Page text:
The message in today’s Asian Financial Times is simple: climate leaders don’t fund coal.
Despite moderate progress in the 2017 budget, Canada remains the largest provider of fiscal support to oil and gas production in the G7 relative to the size of its economy.
Tomorrow Greg Muttitt, the Research Director at Oil Change International will give evidence to the UK’s parliamentary Environmental Audit Committee, which is investigating the scale and impact of UK Export Finance’s financing of fossil fuels in developing countries.
Program Director Alex Doukas said, “David Malpass is a dreadful nominee for the World Bank President. Malpass was Chief Economist of Bear Stearns as the company led the economy off the cliff into a global financial crisis. That tells you all you need to know about David Malpass’ ability as an economic steward.”
A new study released today by Oil Change International and 17 partner organizations makes it clear that managing a rapid and equitable decline of U.S. fossil fuel production must be a core component of any comprehensive climate policy.
Anyone new walking into a climate conference would be shocked at how simple words get argued upon for hours with the climate wreckers’ simple task of trying to increase the uncertainty of the science in the text or reduce the urgency of our coming climate catastrophe.
A new report released today reveals the disconnect between Canada’s promises on climate change and the actions of its official export credit agency, Export Development Canada (EDC), in propping up the oil and gas industry through government-backed (public) finance.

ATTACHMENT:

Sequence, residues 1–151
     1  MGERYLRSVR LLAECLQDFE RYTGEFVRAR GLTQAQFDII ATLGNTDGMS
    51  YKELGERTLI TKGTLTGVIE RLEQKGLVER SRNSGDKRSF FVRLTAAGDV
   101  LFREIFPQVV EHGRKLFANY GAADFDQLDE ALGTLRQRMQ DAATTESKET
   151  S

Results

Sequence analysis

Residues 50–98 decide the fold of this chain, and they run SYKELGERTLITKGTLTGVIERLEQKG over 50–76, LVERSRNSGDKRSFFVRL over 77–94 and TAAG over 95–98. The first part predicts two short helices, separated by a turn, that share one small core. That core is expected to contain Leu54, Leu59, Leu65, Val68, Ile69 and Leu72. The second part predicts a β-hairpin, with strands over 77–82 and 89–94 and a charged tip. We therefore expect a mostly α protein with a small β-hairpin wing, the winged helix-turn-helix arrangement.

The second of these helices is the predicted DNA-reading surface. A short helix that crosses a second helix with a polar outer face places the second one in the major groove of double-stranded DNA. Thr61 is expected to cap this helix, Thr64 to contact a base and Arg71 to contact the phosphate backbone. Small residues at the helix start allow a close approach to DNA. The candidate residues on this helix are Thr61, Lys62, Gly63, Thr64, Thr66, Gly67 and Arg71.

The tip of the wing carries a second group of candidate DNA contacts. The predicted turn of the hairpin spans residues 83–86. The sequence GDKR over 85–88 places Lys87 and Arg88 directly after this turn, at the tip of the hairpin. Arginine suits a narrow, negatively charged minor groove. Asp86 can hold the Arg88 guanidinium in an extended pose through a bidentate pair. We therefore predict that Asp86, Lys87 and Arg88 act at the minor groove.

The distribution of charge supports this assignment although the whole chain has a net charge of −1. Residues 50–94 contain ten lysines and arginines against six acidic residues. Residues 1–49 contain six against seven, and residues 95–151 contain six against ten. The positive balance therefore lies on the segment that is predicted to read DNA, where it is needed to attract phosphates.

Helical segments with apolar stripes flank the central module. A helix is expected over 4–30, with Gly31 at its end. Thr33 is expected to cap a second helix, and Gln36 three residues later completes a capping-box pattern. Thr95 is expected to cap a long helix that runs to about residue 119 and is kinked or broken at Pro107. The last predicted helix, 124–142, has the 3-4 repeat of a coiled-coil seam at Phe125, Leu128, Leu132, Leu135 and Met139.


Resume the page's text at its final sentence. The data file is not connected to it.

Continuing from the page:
This report reveals the disconnect between Canada’s promises on climate change and the actions of its official export credit agency, Export Development Canada (EDC), in propping up the oil and gas industry.
The twin challenges of air pollution and climate change demand a rapid transition away from fossil fuels, and a particularly rapid phase-out of coal-fired power plants. Despite this, the Korean government continues to be among the biggest backers of coal-fired power plants around the world.
A new analysis finds that overseas coal-fired power plants supported by Korea’s public finance institutions could cause as much as 27 trillion KRW (nearly USD 25 billion) in annual damage to people’s health and the climate.